Tax expert Bob Erikson is interested in the reliance of state governments on “sin taxes”—taxes on the purchase of alcohol and tobacco and on gambling. The dependent variable is the percentage of state revenue that is raised from sin taxes. Three research hypotheses guide Bob’s analysis. First, Bob believes that Catholics are generally “good-time” people who drink, smoke, and play bingo a lot; X1 is the percentage of the state population who are Catholic. Second, Bob notes that Republicans seem less concerned than Democrats do that sin taxes might be regressive; X2 is the percentage of the state legislature who are Republicans. Third, Bob suspects that sin taxes could be used to hold down the level of property taxes; X3 is the per-capita property tax in thousands of dollars. A regression program produces the following results:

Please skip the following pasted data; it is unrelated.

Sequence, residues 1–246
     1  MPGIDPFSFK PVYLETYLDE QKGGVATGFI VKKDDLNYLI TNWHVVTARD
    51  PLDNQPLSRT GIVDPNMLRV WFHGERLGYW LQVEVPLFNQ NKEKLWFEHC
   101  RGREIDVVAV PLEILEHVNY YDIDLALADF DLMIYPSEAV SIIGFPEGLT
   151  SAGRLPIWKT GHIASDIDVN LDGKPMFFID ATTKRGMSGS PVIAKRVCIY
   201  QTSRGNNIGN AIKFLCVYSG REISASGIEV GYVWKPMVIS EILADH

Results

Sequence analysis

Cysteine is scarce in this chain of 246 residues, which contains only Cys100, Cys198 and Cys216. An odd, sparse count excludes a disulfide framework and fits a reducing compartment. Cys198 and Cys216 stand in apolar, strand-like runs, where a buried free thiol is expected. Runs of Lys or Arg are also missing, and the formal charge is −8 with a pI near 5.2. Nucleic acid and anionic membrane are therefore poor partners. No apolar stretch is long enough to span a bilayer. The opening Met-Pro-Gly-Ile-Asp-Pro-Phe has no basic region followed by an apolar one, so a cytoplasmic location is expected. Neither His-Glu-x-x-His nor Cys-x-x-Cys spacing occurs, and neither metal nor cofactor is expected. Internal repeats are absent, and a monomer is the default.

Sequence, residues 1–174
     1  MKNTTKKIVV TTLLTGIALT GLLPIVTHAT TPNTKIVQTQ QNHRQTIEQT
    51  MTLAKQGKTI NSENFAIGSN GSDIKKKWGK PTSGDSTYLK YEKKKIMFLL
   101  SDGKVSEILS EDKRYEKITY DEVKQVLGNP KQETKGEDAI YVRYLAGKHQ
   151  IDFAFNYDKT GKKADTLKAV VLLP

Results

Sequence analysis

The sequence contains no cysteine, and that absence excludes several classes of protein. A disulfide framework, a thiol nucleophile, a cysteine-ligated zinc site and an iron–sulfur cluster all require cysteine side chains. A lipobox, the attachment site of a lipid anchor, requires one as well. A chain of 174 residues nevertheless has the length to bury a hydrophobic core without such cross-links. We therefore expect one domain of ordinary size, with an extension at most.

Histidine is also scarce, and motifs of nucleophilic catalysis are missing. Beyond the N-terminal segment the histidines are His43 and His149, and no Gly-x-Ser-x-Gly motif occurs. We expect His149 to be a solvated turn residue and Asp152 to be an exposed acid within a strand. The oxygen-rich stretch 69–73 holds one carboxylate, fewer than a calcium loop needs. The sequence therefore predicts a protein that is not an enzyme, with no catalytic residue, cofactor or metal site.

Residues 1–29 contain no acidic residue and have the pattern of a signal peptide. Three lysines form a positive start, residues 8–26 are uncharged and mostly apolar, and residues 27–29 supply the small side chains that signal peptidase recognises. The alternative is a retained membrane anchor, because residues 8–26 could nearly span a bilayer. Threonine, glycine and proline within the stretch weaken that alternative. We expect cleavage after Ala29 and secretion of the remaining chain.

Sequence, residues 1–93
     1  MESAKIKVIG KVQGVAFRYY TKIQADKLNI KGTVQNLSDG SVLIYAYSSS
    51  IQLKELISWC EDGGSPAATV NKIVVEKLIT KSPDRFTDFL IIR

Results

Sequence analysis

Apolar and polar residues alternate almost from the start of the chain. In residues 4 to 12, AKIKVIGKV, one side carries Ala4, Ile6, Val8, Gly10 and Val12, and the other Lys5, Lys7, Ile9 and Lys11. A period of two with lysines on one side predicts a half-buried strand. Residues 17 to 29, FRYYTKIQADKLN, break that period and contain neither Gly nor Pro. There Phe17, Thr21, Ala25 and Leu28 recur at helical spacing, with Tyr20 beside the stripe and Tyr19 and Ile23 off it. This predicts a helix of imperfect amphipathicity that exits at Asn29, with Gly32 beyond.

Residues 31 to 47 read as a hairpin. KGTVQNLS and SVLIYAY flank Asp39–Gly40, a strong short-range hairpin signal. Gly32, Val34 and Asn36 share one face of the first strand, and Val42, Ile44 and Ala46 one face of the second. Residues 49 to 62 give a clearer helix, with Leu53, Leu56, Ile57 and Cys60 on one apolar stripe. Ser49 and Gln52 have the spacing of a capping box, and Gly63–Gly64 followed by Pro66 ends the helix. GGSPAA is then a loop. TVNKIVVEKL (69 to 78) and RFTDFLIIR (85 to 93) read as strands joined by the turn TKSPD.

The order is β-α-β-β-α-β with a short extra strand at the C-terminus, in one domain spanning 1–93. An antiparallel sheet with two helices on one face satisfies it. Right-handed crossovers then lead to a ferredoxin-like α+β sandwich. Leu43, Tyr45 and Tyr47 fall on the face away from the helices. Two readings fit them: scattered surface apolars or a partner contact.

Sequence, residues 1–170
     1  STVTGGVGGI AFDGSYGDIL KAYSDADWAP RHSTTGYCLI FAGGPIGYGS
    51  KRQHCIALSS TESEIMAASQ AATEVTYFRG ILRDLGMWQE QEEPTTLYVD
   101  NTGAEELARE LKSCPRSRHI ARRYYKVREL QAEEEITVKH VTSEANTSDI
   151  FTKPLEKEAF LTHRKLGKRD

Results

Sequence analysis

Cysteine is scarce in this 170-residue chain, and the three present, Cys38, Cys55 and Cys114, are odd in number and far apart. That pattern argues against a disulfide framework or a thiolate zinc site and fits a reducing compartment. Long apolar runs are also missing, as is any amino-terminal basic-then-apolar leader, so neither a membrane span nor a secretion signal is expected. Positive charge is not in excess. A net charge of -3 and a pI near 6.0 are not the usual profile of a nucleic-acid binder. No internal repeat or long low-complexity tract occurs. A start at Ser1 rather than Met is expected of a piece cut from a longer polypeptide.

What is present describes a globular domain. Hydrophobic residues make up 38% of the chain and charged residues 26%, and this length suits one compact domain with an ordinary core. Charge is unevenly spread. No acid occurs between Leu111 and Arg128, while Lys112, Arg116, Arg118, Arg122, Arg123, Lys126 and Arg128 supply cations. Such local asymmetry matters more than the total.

= .54 + .23X1 + .11X2 - 1.41X3
sb1 = .04 sb2 = .087 sb3 = .15 Sy|x = .74
R2 = .74 Adj. R2 = .71
(a) Interpret the slopes, intercept, and R2.
(b) What are the research hypotheses? Evaluate these hypotheses.
(c) Michigan has 20% Catholic constituents, 47% Republicans in the state legislature, and a property tax of $ 2.5 per thousand. What is your best guess as to the sin tax rate in Michigan?
(d) The actual sin tax rate in Michigan is 16.1%. What would you conclude about that?

  • CreatedNovember 11, 2015
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